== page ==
Madhuri Eunni sheepishly admits that sometimes she skips lunch, which is why having a protein-packed breakfast is so important for her health. Every morning she was tediously measuring out flax seeds, chia seeds and protein powder, which took time and sometimes still left her not getting the amount of nutrition she needed.
"It just came to a point where I was like ... it would be great if there was a jar that could do this for me and give me reminders when I was running out of stuff," Eunni told TheBlaze.
Out of that thought the Neo Smart Jar by SKE Labs was born.
"The idea of having something do this thinking for us just seemed to make so much more sense," Eunni said.
As technology continues to creep its way into previously one-function devices, such as your thermostat and refrigerator, the Neo Smart Jar, Eunni said, is one more tool that is helping the kitchen become a more "personalized space."
Neo doesn't just track expiration information and send alerts when you're running low of a product. Eunni said the jar has a sophisticated scale that measures contents down to the gram and with its complementary app that has nutrition information for what's in the jar, the system can thus help you accurately adhere to serving sizes and track your nutritional intake.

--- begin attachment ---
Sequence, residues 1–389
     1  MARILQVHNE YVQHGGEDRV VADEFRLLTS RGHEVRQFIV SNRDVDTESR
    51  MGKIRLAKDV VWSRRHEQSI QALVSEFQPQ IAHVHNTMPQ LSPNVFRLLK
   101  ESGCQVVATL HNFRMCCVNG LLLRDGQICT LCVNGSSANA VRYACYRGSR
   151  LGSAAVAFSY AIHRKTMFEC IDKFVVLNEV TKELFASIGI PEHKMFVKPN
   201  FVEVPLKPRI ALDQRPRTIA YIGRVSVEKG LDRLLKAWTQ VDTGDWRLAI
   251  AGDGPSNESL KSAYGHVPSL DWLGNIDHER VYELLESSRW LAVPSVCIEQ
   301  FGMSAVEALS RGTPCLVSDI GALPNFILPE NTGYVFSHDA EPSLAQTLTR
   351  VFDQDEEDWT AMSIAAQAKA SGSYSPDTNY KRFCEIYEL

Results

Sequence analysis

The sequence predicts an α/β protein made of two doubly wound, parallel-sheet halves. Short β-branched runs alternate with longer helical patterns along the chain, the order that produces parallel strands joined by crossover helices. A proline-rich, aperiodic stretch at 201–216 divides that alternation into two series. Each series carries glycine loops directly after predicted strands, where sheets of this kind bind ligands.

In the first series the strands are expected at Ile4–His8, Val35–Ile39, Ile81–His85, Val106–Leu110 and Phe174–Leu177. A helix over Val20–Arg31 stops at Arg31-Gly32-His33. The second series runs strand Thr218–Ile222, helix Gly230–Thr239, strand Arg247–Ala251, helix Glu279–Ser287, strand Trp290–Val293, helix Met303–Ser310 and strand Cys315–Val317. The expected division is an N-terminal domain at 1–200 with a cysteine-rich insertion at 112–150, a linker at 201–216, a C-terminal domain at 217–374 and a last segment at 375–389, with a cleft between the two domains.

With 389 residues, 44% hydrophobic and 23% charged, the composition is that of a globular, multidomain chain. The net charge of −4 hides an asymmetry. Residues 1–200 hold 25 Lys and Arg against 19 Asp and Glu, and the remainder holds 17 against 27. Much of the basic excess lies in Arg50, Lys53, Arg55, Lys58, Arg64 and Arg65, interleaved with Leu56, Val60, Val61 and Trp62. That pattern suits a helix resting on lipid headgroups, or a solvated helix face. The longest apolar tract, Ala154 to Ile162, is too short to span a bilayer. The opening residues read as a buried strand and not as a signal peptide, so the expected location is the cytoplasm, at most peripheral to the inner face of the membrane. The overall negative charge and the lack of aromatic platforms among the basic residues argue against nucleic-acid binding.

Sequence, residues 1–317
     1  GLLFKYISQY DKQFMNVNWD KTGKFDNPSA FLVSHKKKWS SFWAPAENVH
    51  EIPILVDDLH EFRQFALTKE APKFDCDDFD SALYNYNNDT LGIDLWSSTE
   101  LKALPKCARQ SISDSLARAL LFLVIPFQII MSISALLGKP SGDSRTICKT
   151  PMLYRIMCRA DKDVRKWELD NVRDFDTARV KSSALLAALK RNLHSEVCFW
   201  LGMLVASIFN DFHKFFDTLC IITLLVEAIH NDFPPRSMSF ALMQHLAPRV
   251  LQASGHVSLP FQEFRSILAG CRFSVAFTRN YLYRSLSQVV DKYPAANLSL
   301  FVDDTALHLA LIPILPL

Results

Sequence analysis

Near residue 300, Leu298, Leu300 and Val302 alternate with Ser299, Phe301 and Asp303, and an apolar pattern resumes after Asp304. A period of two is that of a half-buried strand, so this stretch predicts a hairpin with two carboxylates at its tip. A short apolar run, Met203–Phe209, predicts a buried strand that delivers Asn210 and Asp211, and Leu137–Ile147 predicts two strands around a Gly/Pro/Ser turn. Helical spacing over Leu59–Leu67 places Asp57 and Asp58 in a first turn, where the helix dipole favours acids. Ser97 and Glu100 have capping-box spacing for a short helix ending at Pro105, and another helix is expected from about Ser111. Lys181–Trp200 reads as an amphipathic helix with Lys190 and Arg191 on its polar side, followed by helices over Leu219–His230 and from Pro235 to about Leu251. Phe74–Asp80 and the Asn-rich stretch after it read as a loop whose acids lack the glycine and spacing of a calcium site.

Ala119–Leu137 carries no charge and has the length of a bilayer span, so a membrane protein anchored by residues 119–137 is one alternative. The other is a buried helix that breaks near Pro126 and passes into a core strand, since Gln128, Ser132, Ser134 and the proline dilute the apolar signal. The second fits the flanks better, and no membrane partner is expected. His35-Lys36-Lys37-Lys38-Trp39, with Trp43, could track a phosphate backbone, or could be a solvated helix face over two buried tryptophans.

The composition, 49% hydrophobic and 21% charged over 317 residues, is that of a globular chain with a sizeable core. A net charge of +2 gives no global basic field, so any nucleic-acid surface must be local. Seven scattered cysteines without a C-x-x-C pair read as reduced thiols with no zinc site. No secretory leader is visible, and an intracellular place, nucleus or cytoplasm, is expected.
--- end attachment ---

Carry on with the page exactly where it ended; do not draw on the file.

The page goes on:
"If you’re trying to reach a certain goal, just having that information makes it so much easier," Eunni said.
Though Neo is useful from a nutrition standpoint on a meal-by-meal basis, the app portion also provides a historical perspective that can help people with their health goals as well.
"Being active is just one half of the story," Eunii said of fitness trackers that have become popular for people quantifying that part of their lives. "The other half is what we put into our bodies."
"Having the historical perspective about what your consumption has been and how healthy your consumption has been ... once you start looking at it, it gives you a gentle nudge in the right direction. Once you see it in black and white, you see 'maybe I should be making more healthy choices,'" she said.
Watch this video to learn more about Neo's functionality:
While, yes, adopting Neo into your kitchen would require some initial set up, Eunni said that users can autopopulate their Neo app by scanning a product's barcode or by typing in the product name, for which the app will then pull the average nutritional information.
And then there's the cost. The company is running an Indigogo campaign for the next 21 days — it has more than $42,500 of it's $50,000 goal — in which pre-orders for a set of two Neo jars cost $99.
"This is a market where there is a varied price range," Eunni said."There's everything from the $3 mason jar to $20 to $30 designer jar, but there is information and intelligence built into [Neo] that can actually make you ... 1) save money in long run by understanding freshness" and by helping you avoid over buying items that you still have in good supply.
"There’s a big advantage which is not apparent right away that we’re trying to create with this technology. Eating from a regular jar or cardboard box is fine until the point when you wake up one morning and you say 'I have no idea what I’ve been eating up until today,' then you suddenly realize how great it would be to have that data," Eunni said.